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The Perfectionist
Photo: Craig Jewell
From the time he was a teenager, Bernard Loiseau had one driving ambition – to be the chef of a French restaurant rated three stars in Michelin’s Guide. You see, Michelin’s Guide is the bible of French dining. It has been called “the gold standard of food guides” for more than a hundred years. The French people have great faith in Michelin, so much so that a restaurant which receives three stars will immediately catapult to success, its’ business booming. Conversely, a dining establishment dropped from three to two stars by Michelin, (which is still an excellent rating!) might easily experience a 50% decrease in clientele.

For many years, Bernard Loiseau drove himself toward his goal. He started from the bottom up doing many humble culinary tasks while training under some of the finest French chefs.

He borrowed money to purchase his first establishment, a small restaurant and hotel many miles from Paris. Then he threw himself into building an eatery that would be so outstanding it would catch the attention of Michelin and draw them to make the long journey from Paris. That trip in itself is an honor only awarded fewer than 20 restaurants annually in the entire country of France.

In 1991, Loiseau reached his goal. His eatery, the Cote d’Or, received the coveted three Michelin stars. During the 1990’s the Cote d’Or was a trend setter in the restaurant business and immensely successful.

Tragic Response

However, the pressure of maintaining the perfection the Michelin three stars demanded proved too much for Loiseau. After receiving a less than perfect review by another restaurant publication, Gault Millau, he worried constantly about losing that third Michelin star. He was troubled by depression and at one point suffered a nervous breakdown. Finally, in February of 2003, the 52 year old chef took his life.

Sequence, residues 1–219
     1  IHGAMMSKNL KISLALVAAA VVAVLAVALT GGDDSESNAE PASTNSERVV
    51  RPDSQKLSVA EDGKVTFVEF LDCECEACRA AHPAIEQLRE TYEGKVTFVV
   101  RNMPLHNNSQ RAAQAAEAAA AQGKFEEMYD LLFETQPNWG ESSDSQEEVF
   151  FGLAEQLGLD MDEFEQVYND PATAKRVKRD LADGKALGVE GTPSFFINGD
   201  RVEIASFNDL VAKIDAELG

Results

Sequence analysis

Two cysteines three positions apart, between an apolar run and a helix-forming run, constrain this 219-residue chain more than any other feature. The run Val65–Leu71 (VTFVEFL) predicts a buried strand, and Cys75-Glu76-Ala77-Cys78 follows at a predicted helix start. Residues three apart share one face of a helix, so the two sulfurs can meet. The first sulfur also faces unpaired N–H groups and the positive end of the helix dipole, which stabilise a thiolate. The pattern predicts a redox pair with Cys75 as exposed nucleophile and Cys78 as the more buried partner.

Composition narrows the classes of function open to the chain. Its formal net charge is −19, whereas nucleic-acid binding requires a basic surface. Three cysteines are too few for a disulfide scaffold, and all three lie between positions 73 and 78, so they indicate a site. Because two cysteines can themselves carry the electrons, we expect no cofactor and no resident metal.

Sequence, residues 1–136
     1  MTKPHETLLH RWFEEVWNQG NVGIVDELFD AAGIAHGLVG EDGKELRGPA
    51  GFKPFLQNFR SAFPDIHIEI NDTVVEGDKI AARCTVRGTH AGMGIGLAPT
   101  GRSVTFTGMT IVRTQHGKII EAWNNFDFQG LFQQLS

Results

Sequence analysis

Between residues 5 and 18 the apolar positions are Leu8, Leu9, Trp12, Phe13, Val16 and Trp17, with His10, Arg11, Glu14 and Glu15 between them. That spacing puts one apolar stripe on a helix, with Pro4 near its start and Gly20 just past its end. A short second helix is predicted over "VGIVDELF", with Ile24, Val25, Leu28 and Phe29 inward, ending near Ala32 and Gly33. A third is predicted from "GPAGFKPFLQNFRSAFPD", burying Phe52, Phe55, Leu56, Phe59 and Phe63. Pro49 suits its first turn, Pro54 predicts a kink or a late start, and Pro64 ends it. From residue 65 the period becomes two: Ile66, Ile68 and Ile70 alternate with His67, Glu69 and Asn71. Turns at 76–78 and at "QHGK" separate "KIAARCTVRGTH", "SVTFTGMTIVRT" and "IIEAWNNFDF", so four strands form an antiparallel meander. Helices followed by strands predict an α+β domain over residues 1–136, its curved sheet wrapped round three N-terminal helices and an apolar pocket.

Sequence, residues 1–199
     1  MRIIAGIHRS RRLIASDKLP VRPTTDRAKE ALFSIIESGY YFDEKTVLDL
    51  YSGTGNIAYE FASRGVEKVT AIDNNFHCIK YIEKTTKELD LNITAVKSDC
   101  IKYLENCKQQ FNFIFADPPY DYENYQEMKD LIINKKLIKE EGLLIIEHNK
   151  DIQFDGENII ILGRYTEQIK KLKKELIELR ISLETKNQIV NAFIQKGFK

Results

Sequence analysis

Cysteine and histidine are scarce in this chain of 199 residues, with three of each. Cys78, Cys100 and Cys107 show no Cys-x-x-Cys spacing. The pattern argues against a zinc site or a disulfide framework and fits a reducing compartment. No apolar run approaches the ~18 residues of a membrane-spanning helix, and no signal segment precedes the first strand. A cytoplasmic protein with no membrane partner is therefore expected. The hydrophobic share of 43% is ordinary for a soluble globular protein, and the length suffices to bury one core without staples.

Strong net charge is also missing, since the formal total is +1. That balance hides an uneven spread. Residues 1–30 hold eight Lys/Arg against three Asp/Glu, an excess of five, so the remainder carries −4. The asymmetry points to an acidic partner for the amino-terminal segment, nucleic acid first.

Loiseu’s tragic and unnecessary death points out both the futility of striving for perfection and the danger of allowing others to define our value and worth – something only God can do.

Our value is beyond calculation and each one of us is irreplaceable for two reasons: One, God created us which makes us each special and unique. Two, the Almighty paid the infinite price to secure our place in heaven by sending Jesus to die for us on the cross.

Since time began, only one “perfect” person has walked this planet. That’s why the Lord’s death on the cross was the perfect sacrifice for our sins.

Hard as we try, we can never reach perfection in anything we do. But we can strive for excellence in everything. In fact, the Bible encourages us to do just that. “Whatever your hand finds to do, do it with all your might…” (Ecclesiastes 9:10).  So, strive for your best in all that you do, knowing that when you fall short of perfection, your value and worth are not lessened one iota in God’s eyes.

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By Kathy A. Lewis. Copyright © 2010 by GraceNotes. All rights reserved. Use of this material is subject to usage guidelines. Scripture taken from the NEW INTERNATIONAL VERSION ®.

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